Snail Helix Aspersa and its role in medicine

Author: C B
Date: 29/04/2013


Chiara Barla & Joshua Barella


Snails mucus has lots of hidden properties, many of them have been discovered even in early history and in recent years scientific researches have demonstrated that mucus-derivated drugs can be used in a large variety of therapies. For example it is used in creams to ease skin abrasions and scars, to cure respiratory diseases, heartburn and at last scientists discovered unexpected and previously unknown properties.

At the beginning of twentieth century, a new interest about gasteropodes has grown up for their possible employment in medicine and industries.
Scientists started paying attention to the ability of snails in crawling on rough surfaces without hurting themselves and being resistant to pollutants and bacteria.
In 1959 the scientist A.P. Williams analyzed the collagen taken from the body wall of the garden snail Helix Aspersa and discovered that it is composed by a large amount of mucopolysaccharides components rich in glycine, proline and glutamic acid. (The chemical composition of snail gelatin, 1960)
A recent study shows that the presence of glycine and proline is strictly linked to the disposition of hydrogen-bridge in elastin. (Proline and Glycine Control Protein Self-Organization into Elastomeric or Amyloid Fibrils, 2006)
As result, these two amino acids are used in treatments for ulcerations. (Effect of Topical Application of Glycine and Proline on Recalcitrant Leg Ulcers of Prolidase Deficiency, 1986; Tratamiento efectivo con un ungüento de glicina y prolina en un caso de úlceras recurrentes por déficit de prolidasa, 2006)
Considering the role of snail mucus in repairing ulcers and thinking about the role of human mucus to prevent or fight acidity, it has been developed Gastrokaluma syrup against stomach acidity and gastric-esophagus reflux. In recent past, people used to eat alive snails to ease heartburn: when snails reach stomach they produce mucus, contrasting acidity.

Snail mucus

J. M. Pawlicki et alii studied mucus composition distinguishing a non-adhesive trail mucus and an adhesive mucus. (The effect of molluscan glue proteins on gel mechanics, 2003)
They observed that trail mucus is composed in 95% of water, so it has a lubricant and protective function incompatible to the ability of snail to join firmly at every surfaces.
Taking adhesive mucus from snails' back they found that it is richer in specific proteins called glue proteins which have a very important role in adhesive properties.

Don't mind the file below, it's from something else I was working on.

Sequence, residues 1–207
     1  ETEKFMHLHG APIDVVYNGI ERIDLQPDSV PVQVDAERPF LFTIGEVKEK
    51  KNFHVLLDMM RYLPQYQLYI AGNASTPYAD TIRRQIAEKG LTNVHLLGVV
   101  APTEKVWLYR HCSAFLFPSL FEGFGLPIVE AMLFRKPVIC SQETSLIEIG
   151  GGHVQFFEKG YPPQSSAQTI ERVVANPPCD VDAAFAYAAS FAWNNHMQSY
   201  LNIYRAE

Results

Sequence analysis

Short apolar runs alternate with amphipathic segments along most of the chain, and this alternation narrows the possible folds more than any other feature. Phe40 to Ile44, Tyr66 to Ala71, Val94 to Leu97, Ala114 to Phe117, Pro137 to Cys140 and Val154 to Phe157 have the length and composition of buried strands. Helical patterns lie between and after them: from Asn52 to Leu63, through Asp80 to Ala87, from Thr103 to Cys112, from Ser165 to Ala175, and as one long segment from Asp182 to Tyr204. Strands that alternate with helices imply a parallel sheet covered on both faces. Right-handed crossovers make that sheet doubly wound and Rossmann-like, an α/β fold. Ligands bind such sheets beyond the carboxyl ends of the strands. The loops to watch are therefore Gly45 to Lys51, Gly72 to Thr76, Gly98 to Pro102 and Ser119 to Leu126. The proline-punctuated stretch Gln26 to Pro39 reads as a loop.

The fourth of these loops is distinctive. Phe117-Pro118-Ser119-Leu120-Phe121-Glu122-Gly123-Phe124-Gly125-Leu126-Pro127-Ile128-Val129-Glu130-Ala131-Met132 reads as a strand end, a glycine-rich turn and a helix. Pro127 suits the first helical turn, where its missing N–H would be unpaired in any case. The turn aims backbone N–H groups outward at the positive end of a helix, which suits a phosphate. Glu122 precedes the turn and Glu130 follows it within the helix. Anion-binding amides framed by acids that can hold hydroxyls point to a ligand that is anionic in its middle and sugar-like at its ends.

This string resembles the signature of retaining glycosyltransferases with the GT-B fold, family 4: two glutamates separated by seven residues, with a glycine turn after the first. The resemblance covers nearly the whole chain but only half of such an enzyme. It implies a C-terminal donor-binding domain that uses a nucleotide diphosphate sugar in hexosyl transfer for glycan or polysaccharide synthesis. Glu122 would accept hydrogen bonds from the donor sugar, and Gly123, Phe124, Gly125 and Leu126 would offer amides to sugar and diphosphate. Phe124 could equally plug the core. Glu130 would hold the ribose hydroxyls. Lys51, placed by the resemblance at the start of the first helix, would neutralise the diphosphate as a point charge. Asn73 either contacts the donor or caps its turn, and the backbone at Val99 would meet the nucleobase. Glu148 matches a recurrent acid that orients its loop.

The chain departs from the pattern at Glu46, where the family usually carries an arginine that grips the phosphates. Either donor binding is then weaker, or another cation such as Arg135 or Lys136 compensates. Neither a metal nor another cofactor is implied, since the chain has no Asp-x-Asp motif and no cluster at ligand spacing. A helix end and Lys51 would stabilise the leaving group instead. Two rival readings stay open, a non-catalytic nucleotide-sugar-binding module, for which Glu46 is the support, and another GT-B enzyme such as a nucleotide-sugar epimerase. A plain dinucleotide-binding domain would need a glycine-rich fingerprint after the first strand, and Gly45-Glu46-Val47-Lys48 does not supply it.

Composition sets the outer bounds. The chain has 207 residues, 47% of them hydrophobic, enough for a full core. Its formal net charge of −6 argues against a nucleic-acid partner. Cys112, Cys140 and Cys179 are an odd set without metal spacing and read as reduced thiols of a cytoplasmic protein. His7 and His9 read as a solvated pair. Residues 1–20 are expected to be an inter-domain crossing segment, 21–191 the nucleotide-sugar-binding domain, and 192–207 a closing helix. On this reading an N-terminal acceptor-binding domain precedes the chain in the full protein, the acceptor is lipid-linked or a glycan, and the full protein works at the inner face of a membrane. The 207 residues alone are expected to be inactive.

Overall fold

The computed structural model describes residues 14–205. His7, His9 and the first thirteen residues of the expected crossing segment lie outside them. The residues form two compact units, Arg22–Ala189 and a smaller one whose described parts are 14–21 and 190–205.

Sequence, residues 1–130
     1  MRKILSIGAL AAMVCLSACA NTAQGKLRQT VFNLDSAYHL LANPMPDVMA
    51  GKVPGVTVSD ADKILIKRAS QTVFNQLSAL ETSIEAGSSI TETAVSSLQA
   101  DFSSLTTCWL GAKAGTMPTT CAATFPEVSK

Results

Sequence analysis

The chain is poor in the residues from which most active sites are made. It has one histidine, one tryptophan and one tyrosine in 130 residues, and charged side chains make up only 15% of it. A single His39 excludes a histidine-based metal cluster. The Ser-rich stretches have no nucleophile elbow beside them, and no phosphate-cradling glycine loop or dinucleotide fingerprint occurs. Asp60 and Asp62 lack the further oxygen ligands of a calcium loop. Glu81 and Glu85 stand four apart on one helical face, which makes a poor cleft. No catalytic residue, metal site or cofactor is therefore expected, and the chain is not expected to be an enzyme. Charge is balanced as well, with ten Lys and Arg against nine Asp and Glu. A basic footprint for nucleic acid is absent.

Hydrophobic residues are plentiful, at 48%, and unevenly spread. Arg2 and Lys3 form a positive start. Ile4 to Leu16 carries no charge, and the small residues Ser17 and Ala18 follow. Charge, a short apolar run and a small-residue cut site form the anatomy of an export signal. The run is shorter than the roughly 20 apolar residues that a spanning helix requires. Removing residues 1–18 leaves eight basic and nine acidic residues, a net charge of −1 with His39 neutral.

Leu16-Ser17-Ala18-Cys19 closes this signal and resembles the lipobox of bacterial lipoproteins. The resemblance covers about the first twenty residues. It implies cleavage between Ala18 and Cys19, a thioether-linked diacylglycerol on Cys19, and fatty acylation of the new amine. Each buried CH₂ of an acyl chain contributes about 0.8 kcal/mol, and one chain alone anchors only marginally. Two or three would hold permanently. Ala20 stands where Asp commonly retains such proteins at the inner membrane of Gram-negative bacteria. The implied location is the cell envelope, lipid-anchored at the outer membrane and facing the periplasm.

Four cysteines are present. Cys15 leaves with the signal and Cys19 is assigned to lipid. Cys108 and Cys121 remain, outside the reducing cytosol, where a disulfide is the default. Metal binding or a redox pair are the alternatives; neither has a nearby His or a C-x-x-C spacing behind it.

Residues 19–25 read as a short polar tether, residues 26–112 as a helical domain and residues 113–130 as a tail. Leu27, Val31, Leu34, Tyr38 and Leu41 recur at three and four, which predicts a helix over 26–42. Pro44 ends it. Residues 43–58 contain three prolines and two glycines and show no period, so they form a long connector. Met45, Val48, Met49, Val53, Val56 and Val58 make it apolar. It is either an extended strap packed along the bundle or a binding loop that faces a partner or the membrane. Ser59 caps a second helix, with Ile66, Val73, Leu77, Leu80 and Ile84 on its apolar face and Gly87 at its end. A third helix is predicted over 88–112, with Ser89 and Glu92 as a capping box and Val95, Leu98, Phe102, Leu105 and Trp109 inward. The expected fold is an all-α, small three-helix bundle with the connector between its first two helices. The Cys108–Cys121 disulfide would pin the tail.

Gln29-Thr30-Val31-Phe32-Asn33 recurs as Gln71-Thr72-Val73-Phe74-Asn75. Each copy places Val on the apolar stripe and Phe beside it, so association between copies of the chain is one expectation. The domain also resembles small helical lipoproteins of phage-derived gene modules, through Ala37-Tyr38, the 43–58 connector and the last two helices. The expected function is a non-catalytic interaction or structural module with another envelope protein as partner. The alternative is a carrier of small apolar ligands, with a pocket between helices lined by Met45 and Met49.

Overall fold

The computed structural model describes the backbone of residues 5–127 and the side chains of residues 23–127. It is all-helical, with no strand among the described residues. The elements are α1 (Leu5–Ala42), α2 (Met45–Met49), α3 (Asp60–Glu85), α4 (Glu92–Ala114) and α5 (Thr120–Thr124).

Isolating them they demonstrate their concentration-dependent effect that helps the formation of a glue from a mucus-like secretion.
The ability of glue proteins to cross-link large ionic polymers in the gel is very important, suggesting a possible role of adhesive mucus in dermatology and other branch of medicine.


The knowledge of curative action of snail mucus is very old: Pliny the Elder (AD 23 – AD 79) wrote that snails were "a sovereign remedy to treat pain related to burns, abscesses and other wounds". (Helix and Drugs: Snails for Western Health Care From Antiquity to the Present, 2005)
In 1980, the Chilean family Bascuñan, which raised snail for French restaurant, noticed that their hands were smooth and cuts recovered rapidly without scars or infections. For that reason they started analyzing snail mucus. (Elicina)
In 2000, with the authorization of Coaniquem's ethics committee, a study protocol has been designed to evaluate Elicina cream, a product derived from snails mucus (Le proprieta' naturali della bava di lumaca: la scienza le spiega, 2012)
The extract of Helix Aspersa Muller contains:
* Alantoin or 5-Ureidohydantoin which derives from the uric acid transformation by the enzyme urycase. It is known for its desquamating action, its promotion of cell proliferation and wound healing;
* Collagen ;
* Elastin ;
* Natural antibiotics against the most commonly found bacterias in human skin infections, such as: Escherichia Coli, Staphylococcus Aureus and Pseudomona Aeruginosa;
* Glycolic acid or alfa-Hydroxyacetic acid which has an excellent capability to penetrate skin and is capable to increase collagen synthesis.
S.J. Kim et alii demonstrated that glicolic acid is able to increase collagen synthesis in vivo by functional activation of fibroblasts proliferation and by a major expression of collagen mRNA. In high concentration it has an epydermolytic action and could have side effects not to be ignored. (Increased in vivo collagen synthesis and in vitro cell proliferative effect of glycolic acid, 1998) The effect of alpha hydroxy acid is basal cell activation with an increase of epidermal thickness, of dermal fibroblast count and densely arranged type I collagen fibers in the dermis. Desquamation was seen in the upper layer of the stratum corneum along with small intercellular disjunction and intracytoplasmic vacuolization in the keratinocytes. (Histopathological and ultrastructural effects of glycolic acid on rat skin, 2006 ; Glycolic Acid Treatment Increases Type I Collagen mRNA and Hyaluronic Acid Content of Human Skin, 2001)